You are not permitted to download, save or email this image. Visit image gallery to purchase the image.
Sticking to his guns to reach the DVD release date of Good For Nothing today, after six epic years of writing, producing, directing and promoting his "pavlova western", is "really great", former Queenstown resident Mike Wallis says.
"We're thrilled to get it out there and do this final part," the film-maker said from Wellington last week.
"We've seen it through to the end and we've given it everything we've got in terms of trying to make the best DVD possible - we've packed it full of extras."
Good For Nothing had been a great learning curve for the team on both sides of the camera, from self-funding, from script to screen, and to self-distribution, first in theatres and now digitally, Mr Wallis said.
The priceless widescreen panoramas of the Wakatipu, Central Otago and Mackenzie Country doubled for the High Sierra of the old American West in Good For Nothing, which features cameos by the Kingston Flyer, a Bendigo stone hut for an Indian medicine man and the Goldfields Mining Centre attraction in the Kawarau Gorge as a Chinese settlement.
English rose Isabella Montgomery (South African-born acting debutante, co-producer and future Mrs Wallis, Inge Rademeyer) steps down from a Flyer carriage for a cart ride to her family ranch and new life. However, a grizzled gunslinger known only as "The Man" (Cohen Holloway, in SkyCity Queenstown Casino as a stand-up comedian on Saturday) kidnaps Isabella.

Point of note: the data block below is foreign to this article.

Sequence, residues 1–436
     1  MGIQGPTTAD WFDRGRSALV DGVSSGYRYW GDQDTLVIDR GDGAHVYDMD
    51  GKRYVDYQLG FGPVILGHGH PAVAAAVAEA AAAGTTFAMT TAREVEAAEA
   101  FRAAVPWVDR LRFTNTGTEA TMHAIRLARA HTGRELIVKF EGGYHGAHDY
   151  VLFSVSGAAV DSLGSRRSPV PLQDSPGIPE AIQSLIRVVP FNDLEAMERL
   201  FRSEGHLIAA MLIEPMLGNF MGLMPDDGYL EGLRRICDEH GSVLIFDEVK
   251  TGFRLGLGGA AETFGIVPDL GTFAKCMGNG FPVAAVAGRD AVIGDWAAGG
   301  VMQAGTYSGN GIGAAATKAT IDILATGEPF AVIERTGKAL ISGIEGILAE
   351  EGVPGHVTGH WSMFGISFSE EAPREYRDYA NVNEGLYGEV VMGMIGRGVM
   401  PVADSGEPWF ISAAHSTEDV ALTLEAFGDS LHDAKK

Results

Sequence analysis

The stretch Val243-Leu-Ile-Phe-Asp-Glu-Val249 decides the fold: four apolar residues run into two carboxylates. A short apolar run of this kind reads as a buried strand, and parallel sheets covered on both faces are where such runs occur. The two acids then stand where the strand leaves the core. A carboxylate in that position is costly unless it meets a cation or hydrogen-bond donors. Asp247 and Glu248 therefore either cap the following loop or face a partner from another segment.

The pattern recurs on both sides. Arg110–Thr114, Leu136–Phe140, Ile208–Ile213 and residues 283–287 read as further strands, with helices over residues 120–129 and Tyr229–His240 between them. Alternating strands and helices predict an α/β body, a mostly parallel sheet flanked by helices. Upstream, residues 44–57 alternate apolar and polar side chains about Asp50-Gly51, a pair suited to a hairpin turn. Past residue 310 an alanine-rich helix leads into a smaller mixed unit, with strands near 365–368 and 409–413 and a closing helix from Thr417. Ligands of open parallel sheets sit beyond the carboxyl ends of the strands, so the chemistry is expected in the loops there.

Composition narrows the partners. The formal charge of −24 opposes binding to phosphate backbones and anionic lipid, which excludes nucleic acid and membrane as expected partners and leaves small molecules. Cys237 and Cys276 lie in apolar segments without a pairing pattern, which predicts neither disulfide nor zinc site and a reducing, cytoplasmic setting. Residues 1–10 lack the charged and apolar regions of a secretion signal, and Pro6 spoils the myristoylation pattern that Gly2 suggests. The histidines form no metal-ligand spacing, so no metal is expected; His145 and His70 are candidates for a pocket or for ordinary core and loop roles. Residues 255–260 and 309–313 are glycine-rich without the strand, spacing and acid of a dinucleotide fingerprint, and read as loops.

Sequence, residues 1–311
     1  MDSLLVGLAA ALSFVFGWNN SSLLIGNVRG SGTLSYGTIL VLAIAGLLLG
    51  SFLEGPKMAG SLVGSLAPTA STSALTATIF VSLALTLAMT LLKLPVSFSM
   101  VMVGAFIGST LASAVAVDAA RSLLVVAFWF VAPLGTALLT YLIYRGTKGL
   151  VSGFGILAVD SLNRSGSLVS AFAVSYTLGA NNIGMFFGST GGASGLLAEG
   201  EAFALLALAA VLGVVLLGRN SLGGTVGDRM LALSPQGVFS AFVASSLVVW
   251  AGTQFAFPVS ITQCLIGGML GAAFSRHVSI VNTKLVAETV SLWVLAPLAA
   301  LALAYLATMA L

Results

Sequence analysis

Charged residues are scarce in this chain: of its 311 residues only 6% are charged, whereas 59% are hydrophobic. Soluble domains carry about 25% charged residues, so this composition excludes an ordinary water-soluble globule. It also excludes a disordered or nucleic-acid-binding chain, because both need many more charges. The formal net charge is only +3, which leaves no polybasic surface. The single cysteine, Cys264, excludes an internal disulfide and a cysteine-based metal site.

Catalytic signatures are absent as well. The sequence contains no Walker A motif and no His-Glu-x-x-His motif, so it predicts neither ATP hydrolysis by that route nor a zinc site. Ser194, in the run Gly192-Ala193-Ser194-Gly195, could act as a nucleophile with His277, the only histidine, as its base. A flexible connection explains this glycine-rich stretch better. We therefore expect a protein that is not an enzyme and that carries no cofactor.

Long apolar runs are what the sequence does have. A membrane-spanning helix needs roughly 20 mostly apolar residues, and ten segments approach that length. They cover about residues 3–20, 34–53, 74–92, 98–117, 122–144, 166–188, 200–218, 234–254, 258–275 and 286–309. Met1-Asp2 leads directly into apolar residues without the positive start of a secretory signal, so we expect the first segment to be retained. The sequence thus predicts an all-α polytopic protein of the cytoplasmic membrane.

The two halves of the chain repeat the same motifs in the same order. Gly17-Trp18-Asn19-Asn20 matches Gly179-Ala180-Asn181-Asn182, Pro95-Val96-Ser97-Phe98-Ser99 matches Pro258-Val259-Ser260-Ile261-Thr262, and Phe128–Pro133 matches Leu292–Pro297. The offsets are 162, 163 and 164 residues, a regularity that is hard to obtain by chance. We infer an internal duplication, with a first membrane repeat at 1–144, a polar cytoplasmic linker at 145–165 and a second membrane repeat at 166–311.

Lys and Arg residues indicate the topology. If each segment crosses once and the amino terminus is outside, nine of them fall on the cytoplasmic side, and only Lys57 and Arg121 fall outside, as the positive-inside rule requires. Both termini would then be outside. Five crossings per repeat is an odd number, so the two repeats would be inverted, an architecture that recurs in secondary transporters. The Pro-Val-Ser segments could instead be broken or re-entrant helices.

An unlikely romance develops as they ride across the terrain, past the back of beyond, with a bloodthirsty posse in hot pursuit, while the New Zealand Symphony Orchestra (NZSO) plays with all guns blazing.
The director and his leading lady went to the Queenstown premiere with 70 invited guests in May. It was one of dozens of screenings they attended to promote their film around the country.
"It was a great chance to connect with New Zealand film-going audiences and get an understanding of the centre of communities [that] cinemas still are in a lot of these places, which is really cool," Mr Wallis said.
"We had fantastic responses from audiences.
"They are really surprised because it's a self-funded film, but a massive amount of quality has gone into it - the NZSO, great visual effects and it's not done on the cheap."
Although there were several projects on the horizon, he really wanted to shoot another western, with a larger budget, and bring the team who worked for nothing back together, but pay them, Mr Wallis said.
"There are so many locations down South, that were just fantastic, that I would love to utilise and create a bigger, more epic story. Hopefully, with more resources and more actors, we could do that."